The Court of Justice of the European Union ("CJEU") found in a judgment of 10 July 2014 (joined cases C-358/13 and C-181/14) that according to EU law, mixtures of herbs containing synthetic cannabinoids cannot be regarded as medicinal products under the definition of Article 1 (2) b of Directive 2001/83, that defines medicinal products as "any substance or combination of substances which may be used in or administered to human beings with a view to restoring, correcting or modifying physiological functions by exerting a pharmacological, immunological or metabolic action, or to making diagnosis". The reasoning of the Court states that synthetic cannabinoids merely have the effect of modifying physiological functions but are not such as to have any beneficial effects, either immediately or in the long term, on human health and are consumed solely to induce a state of intoxication and are, as such, harmful to human health.
Background of the case
The CJEU's decision is rendered in response to questions raised by the German Supreme Court in the framework of a national case based on the following facts.
Between 2010 and 2012 two individuals, Mr. D and Mr. G, sold in Germany herbs mixed with synthetic cannabinoids. Synthetic cannabinoids are "new psychoactive substances", which are generally similar to those of the substance they copy without being exactly the same, which enables them in certain cases – at least in the short term – to circumvent narcotics legislation.
The German authorities brought criminal charges against Mr. D and Mr. G, based on a breach of the German Medicines Act given that, at the material time, the German Act on narcotic drugs did not cover synthetic cannabinoids. Both vendors were sentenced before the lower courts.
On appeal however, the German Supreme Court held that the vendors' criminal liability under the German Medicines Act essentially depended on whether synthetic cannabinoids can be regarded as "medicinal products" covered by Article 1 (2) (b) of the Directive 2001/83. The sale of mixtures containing synthetic cannabinoids used as a marijuana substitute could give rise to criminal law proceedings on the ground of unlawful sale of unsafe medicinal products, unless said substance does not qualify as a medicinal product –in which case no criminal sanctions could be applied under German law. The question was subsequently referred to the CJEU.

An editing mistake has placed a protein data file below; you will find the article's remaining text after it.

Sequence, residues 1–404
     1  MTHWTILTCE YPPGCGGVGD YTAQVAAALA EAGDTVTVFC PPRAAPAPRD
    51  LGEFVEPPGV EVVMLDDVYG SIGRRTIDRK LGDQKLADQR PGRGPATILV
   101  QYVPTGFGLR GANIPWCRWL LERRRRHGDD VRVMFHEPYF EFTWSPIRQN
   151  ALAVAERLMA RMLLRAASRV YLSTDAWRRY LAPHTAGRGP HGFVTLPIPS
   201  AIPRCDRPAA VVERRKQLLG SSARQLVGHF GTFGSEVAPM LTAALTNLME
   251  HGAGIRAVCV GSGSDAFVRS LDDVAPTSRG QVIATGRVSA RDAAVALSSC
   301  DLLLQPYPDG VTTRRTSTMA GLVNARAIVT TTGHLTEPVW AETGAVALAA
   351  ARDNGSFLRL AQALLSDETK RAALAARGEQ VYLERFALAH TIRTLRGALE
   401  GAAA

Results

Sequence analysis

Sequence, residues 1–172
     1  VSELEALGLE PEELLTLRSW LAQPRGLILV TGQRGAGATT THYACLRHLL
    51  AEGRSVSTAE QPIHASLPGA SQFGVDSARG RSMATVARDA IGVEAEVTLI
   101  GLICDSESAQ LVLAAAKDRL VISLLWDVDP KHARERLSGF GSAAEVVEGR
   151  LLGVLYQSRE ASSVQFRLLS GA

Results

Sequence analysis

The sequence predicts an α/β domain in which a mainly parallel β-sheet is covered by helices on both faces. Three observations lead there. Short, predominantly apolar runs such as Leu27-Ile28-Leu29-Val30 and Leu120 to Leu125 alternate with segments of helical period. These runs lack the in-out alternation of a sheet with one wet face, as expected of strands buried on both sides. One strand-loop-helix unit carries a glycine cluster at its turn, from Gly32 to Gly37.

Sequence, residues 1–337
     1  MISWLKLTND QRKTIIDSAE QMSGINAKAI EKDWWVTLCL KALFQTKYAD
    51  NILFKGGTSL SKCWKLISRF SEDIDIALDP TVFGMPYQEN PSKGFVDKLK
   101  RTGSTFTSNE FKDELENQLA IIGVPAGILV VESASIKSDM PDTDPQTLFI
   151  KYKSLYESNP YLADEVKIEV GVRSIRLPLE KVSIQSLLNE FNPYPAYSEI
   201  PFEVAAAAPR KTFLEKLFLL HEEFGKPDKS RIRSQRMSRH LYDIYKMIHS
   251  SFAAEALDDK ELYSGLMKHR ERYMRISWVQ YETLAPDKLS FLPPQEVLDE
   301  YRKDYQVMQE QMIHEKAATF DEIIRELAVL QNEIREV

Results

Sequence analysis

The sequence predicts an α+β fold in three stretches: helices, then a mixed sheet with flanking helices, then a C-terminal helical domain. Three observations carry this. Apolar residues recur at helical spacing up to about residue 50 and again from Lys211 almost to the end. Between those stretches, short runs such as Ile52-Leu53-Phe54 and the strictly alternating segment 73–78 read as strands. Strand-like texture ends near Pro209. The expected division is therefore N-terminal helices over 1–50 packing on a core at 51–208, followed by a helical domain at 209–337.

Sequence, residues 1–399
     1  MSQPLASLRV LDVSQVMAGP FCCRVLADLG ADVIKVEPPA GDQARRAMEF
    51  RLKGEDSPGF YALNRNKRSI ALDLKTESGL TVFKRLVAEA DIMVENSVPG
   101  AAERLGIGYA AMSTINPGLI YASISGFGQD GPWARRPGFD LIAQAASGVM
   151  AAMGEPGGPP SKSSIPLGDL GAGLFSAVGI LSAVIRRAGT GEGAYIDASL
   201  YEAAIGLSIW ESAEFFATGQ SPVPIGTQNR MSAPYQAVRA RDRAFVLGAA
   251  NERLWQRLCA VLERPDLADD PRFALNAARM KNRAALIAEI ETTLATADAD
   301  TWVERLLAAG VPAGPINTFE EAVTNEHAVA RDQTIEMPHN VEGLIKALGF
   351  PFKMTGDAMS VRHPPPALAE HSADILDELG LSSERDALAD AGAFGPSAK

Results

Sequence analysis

Opinion of Advocate-General Bot
In his opinion on the case, Advocate-General Bot held that based on the wording and objectives pursued by Directive 2001/83 as well as the existing EU case-law, substances and mixtures such as synthetic cannabinoids should be excluded from the legal definition of a "medicinal product" based on Article 1 (2) b of Directive 2001/83 in the absence of any therapeutic benefit.
More specifically, he considered that subparagraphs (a) and (b) of Article 1 (2) of Directive 2001/83 must be read in conjunction, and that hence the criterion related to the capacity to restore and correct human physiological functions referred to in Article 1 (2) b of Directive 2001/83 cannot be interpreted independently of its context and the medical application for which the substance is intended. The Advocate-General stated that it is not sufficient for the substances to be capable of modifying physiological functions, even more so where those substances are consumed purely for recreational purposes and may be particularly harmful to human health.
In addition, while acknowledging that Member States may be confronted with a legal vacuum in their fight against psychoactive substances, the AG considered that the rules governing medicines do not provide the appropriate tools in that respect. The AG noted that "Only repressive measures based on the control of narcotic drugs will enable, through the objectives of public safety, public policy and public health pursued by such measures, a response to be given with the requisite speed to the appearance on the market of substances whose effects are similar to those of narcotic drugs on account of, inter alia, their derived chemical composition and acute toxicity", thus rejecting any attempt at 'twisting' the definition of medicinal product in order to achieve that goal.
The Judgment of the Court
The CJEU followed the Advocate-General's opinion ruling that the term "medicinal product" does not include products, such as mixtures of herbs containing synthetic cannabinoids, which have the effect of modifying physiological functions, but do not have any immediate or long-term beneficial effects on human health and are, contrarily, solely consumed to induce a state of intoxication and are as such harmful to human health.
This conclusion is based on a combined interpretation of Article 1 (2) a and Article 1 (2) b of Directive 2001/83, which require the existence of a "beneficial effect" for human health in order for a product to qualify as a medicinal product. That interpretation relies inter alia on the fact that the definition refers to a "medical diagnosis", of which the purpose is to identify a disease or illness so that it may be treated in good time.
The word "modify" must therefore, according to the Court, be interpreted as encompassing substances which are capable of having a beneficial effect on the functioning of the human organism and as a consequence on human health. Therefore, the term medicinal product in Article 1(2) b of Directive 2001/83 must be interpreted as not covering substances whose effects consist in a mere modification of physiological functions and which are not such as to entail immediate or long-term beneficial effects for human health.
This article is part of the International Life Sciences Update for October 2014